Daily Tele's Miranda Devine - NSW Health email - why Muslim Mosque was exempted from COVID restrictions while Catholics weren't
In July we brought you this story about Sydney's Lakemba Mosque and this extraordinary concession from the NSW government.
Now Miranda Devine from Sydney's Daily Telegraph takes that story further - Miranda has a copy of an email from Dr Richard Broome, Acting Executive Director, Health Protection NSW explaining (or not) the decision to grant the Muslims concessions while denying the same request from St Mary's Cathedral.
It's a worrying insight into the way government gives in to Muslims while aggressively restricting the practice of our traditional Christian faith.
Are Catholics more contagious than Muslims?
St Mary’s already has been twice rejected for exemptions to allow more than 100 people in the enormous cathedral to celebrate the ordination of new priests.
Now, for a third time, its request for a permanent exemption to accommodate up to 300 mass-goers has been rejected, even though it would still easily allow four square meters per person to social distance.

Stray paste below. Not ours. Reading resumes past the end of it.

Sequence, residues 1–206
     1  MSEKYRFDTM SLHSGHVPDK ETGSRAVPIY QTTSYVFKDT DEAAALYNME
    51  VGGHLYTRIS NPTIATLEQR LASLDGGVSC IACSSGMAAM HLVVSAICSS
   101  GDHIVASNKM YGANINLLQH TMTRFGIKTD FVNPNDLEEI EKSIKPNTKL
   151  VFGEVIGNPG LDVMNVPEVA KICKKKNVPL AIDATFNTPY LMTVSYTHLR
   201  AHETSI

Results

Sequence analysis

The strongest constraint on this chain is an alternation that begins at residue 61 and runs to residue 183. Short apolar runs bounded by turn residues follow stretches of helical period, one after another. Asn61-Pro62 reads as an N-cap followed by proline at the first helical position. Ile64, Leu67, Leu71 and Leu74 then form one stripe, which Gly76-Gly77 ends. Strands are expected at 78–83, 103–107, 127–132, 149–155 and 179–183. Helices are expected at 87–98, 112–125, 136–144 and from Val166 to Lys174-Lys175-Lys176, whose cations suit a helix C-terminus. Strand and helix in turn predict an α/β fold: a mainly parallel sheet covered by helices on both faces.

In an extraordinary email dated September 4, Dr Richard Broome, Acting Executive Director, Health Protection NSW, explains his rejection of St Mary’s request to NSW Chief Health Officer Kerry Chant: “A specific exemption for St Mary’s would create a precedent that could lead to widespread relaxation of the gathering rule and a substantial increase in the number of large gatherings.”
Well, yes. Which is why Catholics and other religious observers assumed the Auburn mosque precedent would apply to them.
Broome went on to claim: “People who participate in church gatherings may be older than average and at greater risk of serious illness if they acquire COVID-19.”
Broome clearly hasn’t seen all the Catholic churches brimming with children and babies. In any case, he should trust elderly or infirm people would be sensible enough to stay home and not put themselves at risk. This is the advice Sydney Archbishop Anthony Fisher gives to parishioners.
Broome concludes his advice with the observation that “hospitality venues are permitted to allow up to 300 people in separate areas of the premises with individual groups less than 10. Several outbreaks have been associated with very large pubs and clubs in NSW.”
If that’s the case, why are pubs and clubs allowed three times as many guests as churches?
This sort of arbitrary picking of winners by faceless health bureaucrats will end in tears. There must be one rule for all, no special favours, or Sydneysiders will stop being so amenable.